I previously blogged about how the May 8, 2008 RLG Programs Metadata Tools Forum all came together, with some photos. We had already added the “summary sheets” created by each of the nine tool developers who showcased their work to the RLG Programs Metadata Tools Forum Web page. Now if you go to that page you’ll also see:
- Short videos created by David Williamson (LC) demonstrating the WebCat Assistant
- A recap of the Metadata Tools Forum Discussion that followed the tool demonstrations.
To complete the feedback loop, we also conducted a survey of all who attended the forum, and about half responded. The feedback was indeed positive: 97% thought the forum was worth or well worth their time. Most of what people liked best fell into these two categories:
- The opportunity to talk directly with the tool developers and ask questions of practitioners
- Exposure to such a variety of tools and to see the tools in action
Attendees were also asked to rank each of the tools they saw in order of “potential utility in your own shop”: “Not useful to me”, “Potentially useful to me but I’m unable to use it or adapt it for my environment”, and “I’m interested in using it or adapting it to our environment”. It was indeed gratifying to us as forum organizers to see that every tool garnered interest in using or adapting it in the attendees’ own environments. Terry Reese’s MARCEdit garnered the highest use/adapt it interest. Roughly half of the respondents were also interested in using/adapting Brad Westbrook’s Archivists’ Toolkit, Michael Park’s MODS Editor, Wan Wong’s Subject Selector, and David Williamson’s WebCat Assistant or Raphael Villena’s UCLA adaption of the WebCat Assistant. A third or so expressed interest in using/adapting Scott Schwartz’s Archon and Mark Phillips’ Metadata Analysis Tool. Several noted interest in Jim LeBlanc’s LS Tools.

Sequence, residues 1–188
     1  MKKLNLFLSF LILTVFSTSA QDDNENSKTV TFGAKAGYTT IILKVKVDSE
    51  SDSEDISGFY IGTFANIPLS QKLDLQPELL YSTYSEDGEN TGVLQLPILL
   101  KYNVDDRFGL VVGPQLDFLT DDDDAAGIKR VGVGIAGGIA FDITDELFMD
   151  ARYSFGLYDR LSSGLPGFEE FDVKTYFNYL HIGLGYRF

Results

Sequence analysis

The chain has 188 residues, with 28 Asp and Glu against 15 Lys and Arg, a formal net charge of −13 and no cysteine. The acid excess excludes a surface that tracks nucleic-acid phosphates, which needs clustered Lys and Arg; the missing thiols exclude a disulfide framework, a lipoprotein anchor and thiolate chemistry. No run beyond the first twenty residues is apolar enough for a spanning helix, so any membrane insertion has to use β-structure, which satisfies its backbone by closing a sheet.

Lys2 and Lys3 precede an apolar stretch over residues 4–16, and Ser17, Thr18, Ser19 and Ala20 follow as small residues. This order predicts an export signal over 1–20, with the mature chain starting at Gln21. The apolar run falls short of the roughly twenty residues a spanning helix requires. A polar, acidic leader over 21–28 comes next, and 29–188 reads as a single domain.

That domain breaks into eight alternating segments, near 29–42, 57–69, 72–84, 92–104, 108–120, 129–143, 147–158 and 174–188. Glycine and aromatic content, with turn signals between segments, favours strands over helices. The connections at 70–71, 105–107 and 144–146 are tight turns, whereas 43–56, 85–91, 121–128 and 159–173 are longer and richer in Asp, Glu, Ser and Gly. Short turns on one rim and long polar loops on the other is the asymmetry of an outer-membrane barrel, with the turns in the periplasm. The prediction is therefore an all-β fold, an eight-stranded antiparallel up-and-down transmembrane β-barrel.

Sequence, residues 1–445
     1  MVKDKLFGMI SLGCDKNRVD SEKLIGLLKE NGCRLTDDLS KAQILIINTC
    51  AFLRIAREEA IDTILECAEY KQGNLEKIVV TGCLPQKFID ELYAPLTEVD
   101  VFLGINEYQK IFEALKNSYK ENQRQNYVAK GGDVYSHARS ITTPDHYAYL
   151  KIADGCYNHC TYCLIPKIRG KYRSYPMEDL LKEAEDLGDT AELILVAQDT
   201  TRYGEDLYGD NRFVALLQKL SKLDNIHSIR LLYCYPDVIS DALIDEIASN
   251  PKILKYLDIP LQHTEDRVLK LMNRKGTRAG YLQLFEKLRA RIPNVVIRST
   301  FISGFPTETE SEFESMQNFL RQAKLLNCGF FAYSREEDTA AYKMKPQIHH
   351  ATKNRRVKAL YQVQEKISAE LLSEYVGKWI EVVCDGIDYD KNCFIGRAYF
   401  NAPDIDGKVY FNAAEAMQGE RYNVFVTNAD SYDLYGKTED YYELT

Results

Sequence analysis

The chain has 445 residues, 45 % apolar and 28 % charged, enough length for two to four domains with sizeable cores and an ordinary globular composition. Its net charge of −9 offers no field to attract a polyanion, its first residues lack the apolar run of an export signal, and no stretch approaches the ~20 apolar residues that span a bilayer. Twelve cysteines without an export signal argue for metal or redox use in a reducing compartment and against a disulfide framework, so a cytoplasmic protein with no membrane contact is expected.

During the recent RLG Partners Annual Meeting, staff who attended the breakout session on Renovating Description Practices I facilitated identified “sharing best practices and tools for streamlining metadata creation workflows in and from diverse environments” as one of the areas for collective action. The tools forum provided an example of how we can do that.
Karen Smith-Yoshimura, senior program officer, topics related to creating and managing metadata with a focus on large research libraries and multilingual requirements. Karen retired from OCLC November 2020.